Acclaimed Irish writer Colm Tόibín has penned a strangely compelling tale, full of terror, heartbreak, and finally a tone of resignation and even depression.
The Testament of Mary by Colm Tόibín. Scribner, 81 pages, $19.95.
By David Mehegan.
Colm Tόibín (I think it’s pronounced To-BEAN) is a writer who seems to be able to write almost anything with fluency: novels (seven), short stories, nonfiction and journalism, criticism, plays. One would not think it possible to write a convincing, first-person novel about Henry James, but in The Master, Tόibín succeeded. In The Testament of Mary, he has wrought something unusual: an 81-page novella in the voice of the mother of Jesus in her old age. It is a strangely compelling tale, full of terror, heartbreak, and finally a tone of resignation and even depression.
There is something about the Christian gospels that artists of all kinds find impossible to leave alone. Consider the painters, from Caravaggio’s Beheading of John the Baptist to Rembrandt’s Rest on the Flight Into Egypt (to say nothing of irreverent modern treatments), compelled further to articulate the narrative, to hammer it like a goldsmith or, like a photographer in the darkroom (dating myself here), to bring out finer details on paper in the developer. The slow and fateful arc of the Jesus story is gripping and, while it is written in the simplest language imaginable, the narrative remains profoundly repelling and mysterious. I don’t mean repellent (though some aspects, such as the massacre of the innocents, or the passion, do repel). Rather, I mean that one’s craving to understand this bizarre story sooner or later bounces off the steel armor of the minimal extant witnesses. By “witnesses” I mean the known documents.
Some aspects of the story (such as the timing of the trial before the Sanhedrin or the “census of the whole world” ordered by Caesar Augustus in Luke 2:1) are undermined by other reliable historical sources. Some are internally contradicted, such as the accounts of the words of the others crucified with Jesus. Most frustrating to those who long, for various reasons, to know what really happened, what must have happened, the story is like a 1,000-piece jigsaw puzzle with 250 pieces randomly lost. Or like a lurid dream, if not always a nightmare, with smoky, shifting scenes and colors and voices in a kind of textual surround sound. Often the reader—with or without religious faith—is left with the thought, “I understand what you’re saying, but I don’t get it.” We suspect this or that account can’t be right, or wholly right, and imaginative writers throughout history such as Tόibín have jumped into the story—become its coauthor—to supply coherence by their own lights. Tόibín does supply coherence, to a point.
Parts of The Testament of Mary were used in the making of Tόibín’s 2011 play, The Testament, staged in Dublin. The book was originally published in the U.K. earlier this year. That means that he started the novella first, then turned to write a script for the stage, and finally finished and published the book. That suggests that play and novel influenced one another. The publisher tells us as well that the character of Mary is “a lifelong passion” of the writer (an odd choice of word, given the dramatic topic), though we do not know how or why. If this book is an indicator, he does not hold with traditional Marian devotion, with its barely restrained inclination toward quasi-deification. His Mary, who in this book threatens to knife anyone who sits in her late husband’s chair, is far from the image of one immaculately conceived (that is, free of original sin) and bodily assumed into heaven at her death. No, she is a canny widow stuck in a story of which she never did and does not now have control.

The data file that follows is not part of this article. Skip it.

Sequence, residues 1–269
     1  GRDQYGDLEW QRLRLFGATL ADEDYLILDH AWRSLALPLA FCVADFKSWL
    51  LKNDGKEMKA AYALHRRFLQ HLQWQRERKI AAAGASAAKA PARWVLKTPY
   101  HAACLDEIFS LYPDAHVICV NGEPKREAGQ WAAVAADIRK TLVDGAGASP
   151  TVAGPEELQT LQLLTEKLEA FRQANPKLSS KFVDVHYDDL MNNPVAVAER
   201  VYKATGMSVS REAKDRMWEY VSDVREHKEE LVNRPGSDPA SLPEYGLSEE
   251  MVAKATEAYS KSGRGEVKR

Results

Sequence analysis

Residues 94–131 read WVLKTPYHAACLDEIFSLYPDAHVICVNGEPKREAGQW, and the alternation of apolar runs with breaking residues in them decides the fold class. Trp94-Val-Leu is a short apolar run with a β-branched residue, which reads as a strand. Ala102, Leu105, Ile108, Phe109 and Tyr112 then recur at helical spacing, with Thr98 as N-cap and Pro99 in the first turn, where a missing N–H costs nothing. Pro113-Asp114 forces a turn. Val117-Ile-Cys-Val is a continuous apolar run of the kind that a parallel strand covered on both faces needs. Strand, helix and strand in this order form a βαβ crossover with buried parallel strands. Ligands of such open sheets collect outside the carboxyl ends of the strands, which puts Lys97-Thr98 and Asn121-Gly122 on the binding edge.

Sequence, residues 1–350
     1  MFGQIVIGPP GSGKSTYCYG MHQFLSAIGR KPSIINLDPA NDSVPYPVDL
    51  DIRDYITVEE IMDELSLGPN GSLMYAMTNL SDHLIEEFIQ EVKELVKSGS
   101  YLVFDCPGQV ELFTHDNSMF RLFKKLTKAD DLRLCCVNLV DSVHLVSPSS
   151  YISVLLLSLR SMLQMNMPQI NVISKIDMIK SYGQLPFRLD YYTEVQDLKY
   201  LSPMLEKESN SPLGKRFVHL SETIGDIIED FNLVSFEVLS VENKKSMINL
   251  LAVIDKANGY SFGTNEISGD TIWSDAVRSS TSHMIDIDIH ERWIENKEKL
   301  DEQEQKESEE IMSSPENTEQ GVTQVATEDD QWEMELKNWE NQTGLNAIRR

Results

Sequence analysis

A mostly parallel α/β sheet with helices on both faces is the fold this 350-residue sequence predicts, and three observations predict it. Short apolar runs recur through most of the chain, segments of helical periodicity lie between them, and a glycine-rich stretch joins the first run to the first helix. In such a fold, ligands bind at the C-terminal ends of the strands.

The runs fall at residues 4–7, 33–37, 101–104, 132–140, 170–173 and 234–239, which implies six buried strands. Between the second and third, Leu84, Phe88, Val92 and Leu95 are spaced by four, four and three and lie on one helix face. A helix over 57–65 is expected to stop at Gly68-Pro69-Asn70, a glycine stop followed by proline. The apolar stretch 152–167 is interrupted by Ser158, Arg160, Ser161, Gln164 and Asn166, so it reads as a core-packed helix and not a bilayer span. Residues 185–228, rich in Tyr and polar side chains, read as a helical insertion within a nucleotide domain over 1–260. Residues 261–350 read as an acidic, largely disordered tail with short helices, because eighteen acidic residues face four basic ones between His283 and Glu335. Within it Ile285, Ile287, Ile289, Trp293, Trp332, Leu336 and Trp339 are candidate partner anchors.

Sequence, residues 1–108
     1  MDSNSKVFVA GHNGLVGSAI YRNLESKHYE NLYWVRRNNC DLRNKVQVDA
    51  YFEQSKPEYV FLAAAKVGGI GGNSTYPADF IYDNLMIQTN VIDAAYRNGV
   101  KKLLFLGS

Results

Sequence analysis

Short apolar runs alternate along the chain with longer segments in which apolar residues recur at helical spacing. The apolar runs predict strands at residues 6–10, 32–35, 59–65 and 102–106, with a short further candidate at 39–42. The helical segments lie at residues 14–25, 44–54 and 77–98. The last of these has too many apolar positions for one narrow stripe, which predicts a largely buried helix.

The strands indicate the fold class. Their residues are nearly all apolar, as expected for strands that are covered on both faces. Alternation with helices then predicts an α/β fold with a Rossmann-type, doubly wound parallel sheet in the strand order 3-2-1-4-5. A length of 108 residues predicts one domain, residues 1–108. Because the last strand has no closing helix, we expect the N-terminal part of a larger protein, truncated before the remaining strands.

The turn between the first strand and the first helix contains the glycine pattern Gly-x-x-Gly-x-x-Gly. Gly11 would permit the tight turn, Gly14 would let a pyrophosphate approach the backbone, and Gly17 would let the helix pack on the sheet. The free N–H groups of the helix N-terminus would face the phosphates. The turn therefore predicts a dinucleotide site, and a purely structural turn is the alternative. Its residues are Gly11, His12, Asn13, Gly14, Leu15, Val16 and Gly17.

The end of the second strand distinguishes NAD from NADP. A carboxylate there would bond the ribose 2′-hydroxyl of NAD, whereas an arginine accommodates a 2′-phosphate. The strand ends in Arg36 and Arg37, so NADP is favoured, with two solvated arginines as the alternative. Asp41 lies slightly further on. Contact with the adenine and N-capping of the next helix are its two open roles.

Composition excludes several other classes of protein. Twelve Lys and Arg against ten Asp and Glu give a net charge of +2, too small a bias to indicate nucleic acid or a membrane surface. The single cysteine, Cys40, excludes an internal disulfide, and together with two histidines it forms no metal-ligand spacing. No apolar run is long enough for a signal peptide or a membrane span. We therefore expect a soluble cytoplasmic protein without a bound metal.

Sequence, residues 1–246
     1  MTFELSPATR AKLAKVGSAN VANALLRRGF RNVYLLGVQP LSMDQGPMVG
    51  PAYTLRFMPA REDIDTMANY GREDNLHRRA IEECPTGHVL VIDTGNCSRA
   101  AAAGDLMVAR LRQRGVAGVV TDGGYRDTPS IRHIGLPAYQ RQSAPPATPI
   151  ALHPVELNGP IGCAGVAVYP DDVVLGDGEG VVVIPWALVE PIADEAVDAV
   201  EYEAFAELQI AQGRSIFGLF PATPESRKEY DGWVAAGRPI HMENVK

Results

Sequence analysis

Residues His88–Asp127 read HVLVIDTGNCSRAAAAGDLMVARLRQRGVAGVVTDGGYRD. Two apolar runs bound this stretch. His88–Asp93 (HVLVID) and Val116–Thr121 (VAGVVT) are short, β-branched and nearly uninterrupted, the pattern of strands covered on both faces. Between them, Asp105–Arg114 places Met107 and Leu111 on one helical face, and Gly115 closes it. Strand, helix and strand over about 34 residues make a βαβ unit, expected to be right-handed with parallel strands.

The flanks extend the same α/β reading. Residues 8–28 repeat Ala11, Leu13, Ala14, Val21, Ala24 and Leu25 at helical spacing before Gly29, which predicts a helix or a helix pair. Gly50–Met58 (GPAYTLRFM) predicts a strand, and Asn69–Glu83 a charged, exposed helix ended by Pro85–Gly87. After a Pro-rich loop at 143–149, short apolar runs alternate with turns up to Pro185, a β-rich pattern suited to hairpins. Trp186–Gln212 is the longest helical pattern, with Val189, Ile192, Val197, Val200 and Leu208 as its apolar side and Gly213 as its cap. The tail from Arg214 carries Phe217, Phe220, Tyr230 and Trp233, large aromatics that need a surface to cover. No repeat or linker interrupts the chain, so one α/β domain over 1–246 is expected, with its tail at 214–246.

Mary is an old woman (how old we don’t know) living in the city of Ephesus in the Roman province of Asia, near what is now the town of Selcuk in western Turkey. She lives alone, supported by two men who come to plumb her memory about her son and about what happened to and through him. She is the narrator and relates her understanding of the miracles of the raising of Lazarus and the wedding feast at Cana, at which water is said to be turned into wine. She watches and describes the crucifixion, after which she is spirited away to Ephesus.
Mary is a cool skeptic, who has seen, loved, and endured much but for whom passion of all kinds is far in the past. She is a shrewd and wary, not noticeably pious, Jewish woman. She likes to visit the Temple of Artemis in Ephesus and even buys “a small statue of the goddess who lifted my spirits. . . . I could whisper to it in the night if I needed to.” (There is a historic temple of Artemis in the ruins of Ephesus, as well as a “House of the Virgin Mary,” where legend says she spent her last days in the care of the Apostle John. It has been visited in recent times by two popes.)
Neither Mary’s nor her son’s names are mentioned in the book nor are those of any of the disciples except for Lazarus and his sisters Martha and Mary. A central character, not found in the gospels, is a once-trusted but cruelly disloyal family friend named Marcus. Mary does not believe her son was a god and has a dim view of the motley misfits who hung about him. Her own behavior at the foot of the cross is not consonant with the traditional view of her. There is no Pietá here. She is willing enough to have the two unnamed disciples look after her needs now, but it is clear that she either withholds from them some of what she remembers or cannot tell them what they long to hear. She reports with indifference their frustration.